My husband is a high school teacher who hosts an annual fruit sale. Just like every year, there is a bit of surplus, which he selects to purchase and bring home to me. This year my fruit sale surprise was a 10-pound bag EverCrisp apples. As I looked at that huge bag sitting on my counter, I thought, “Who can I pawn some of these apples on to? Do they freeze well? How much apple preserves can one person make?” I love apples, but not 10 pounds of apples at a time!
Then I ate my first EverCrip apple, and I knew this was now my favorite apple ever! Why did I not know about this apple? Where had it been all my life? The nerd in me went into research mode and here is what I discovered about this amazingly delicious apple!
About 20 years ago the Lynd family in Pataskala, Ohio, used the apple blossom from a Fuji tree and pollinated it with Honeycrisp tree flowers. From those apples, the seeds were harvested, germinated, and grown in a nursery, after which the saplings were distributed to other growers. Ten years later, in Roann, Indiana, one of the test trees produced what we now know as the EverCrisp apple!
The perfect combination of the Fuji and Honeycrisp apples resulted in a crisp apple which does well in baking, and a juicy and sweet apple that is perfect for snacking. This apple is great when I am craving something sugary or paired with some lightly salted almonds or peanuts for a heart-healthy snack.
Apples made the number two spot on The Mayo Clinic’s 10 Great Health Foods, calling apples, “The Original Health Food” because it is a great source of fiber and vitamin C. One medium apple typically has around 95 calories, 1 gram of protein, and 3 grams of healthy fiber which can help lower blood cholesterol and glucose levels. According to researchers at Harvard, those who ate whole fresh apples or dried apples showed decreased triglycerides and LDL cholesterol. So, if apples have not been on your menu in a while, try one again, it could be a game-changer for you too!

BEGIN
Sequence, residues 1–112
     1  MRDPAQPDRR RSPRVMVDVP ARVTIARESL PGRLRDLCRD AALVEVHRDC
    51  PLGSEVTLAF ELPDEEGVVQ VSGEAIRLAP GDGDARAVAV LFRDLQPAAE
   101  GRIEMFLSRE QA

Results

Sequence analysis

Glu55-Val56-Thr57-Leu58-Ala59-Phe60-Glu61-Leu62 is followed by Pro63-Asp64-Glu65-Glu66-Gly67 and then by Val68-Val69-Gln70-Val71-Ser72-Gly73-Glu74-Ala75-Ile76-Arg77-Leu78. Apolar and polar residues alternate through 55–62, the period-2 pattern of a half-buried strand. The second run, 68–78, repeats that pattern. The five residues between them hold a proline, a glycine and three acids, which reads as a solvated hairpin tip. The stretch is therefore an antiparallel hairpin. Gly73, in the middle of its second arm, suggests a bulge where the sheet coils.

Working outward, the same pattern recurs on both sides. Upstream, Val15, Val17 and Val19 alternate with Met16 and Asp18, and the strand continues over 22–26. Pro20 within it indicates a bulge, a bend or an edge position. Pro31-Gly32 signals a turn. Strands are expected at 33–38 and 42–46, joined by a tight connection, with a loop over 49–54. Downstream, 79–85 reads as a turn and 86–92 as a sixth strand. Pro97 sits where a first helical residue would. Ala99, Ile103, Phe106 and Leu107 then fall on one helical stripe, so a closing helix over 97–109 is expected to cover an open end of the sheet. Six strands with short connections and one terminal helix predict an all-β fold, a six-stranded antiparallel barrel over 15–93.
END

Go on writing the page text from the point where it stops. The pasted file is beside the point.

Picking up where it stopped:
Click here for tips on how to select, store, and serve the perfect apple for you and your family!
Basics for Freezing Apples:
Preparation: Apples Wash, peel, core, and slice.
Syrup pack: Use cold 40 percent syrup; add ½ teaspoon (1,500 mg) ascorbic acid per quart of syrup. Slice apples into syrup in a container, seal, and freeze.
Sugar pack: To prevent darkening, dissolve ½ teaspoon (1,500 mg) ascorbic acid in 3 tablespoons water. Sprinkle over fruit or steam blanch for 1½ to 2 minutes. Mix ½ cup sugar to 4 cups fruit. Pack, seal, and freeze.
Dry or tray pack: Treat with ½ teaspoon (1,500 mg) ascorbic acid in 3 tablespoons of water to prevent browning.
Basics for Canning Apples:
Fruit: Apples (sliced)
Style of Pack: Hot
Jar Size: Pints or Quarts
Minutes of Processing time at Altitude of 0-1,000 ft – 20 minutes, 1,001 – 3,000 ft – 25 minutes
Preparation: Prepare syrup if desired. Pare, core, and slice apples. Use anti-darkening treatment. Drain. Boil apples 5 minutes in 1-pint syrup, juice or water per 5 pounds apples; stir occasionally. Fill jars with hot slices and hot liquid; leave one-half inch headspace.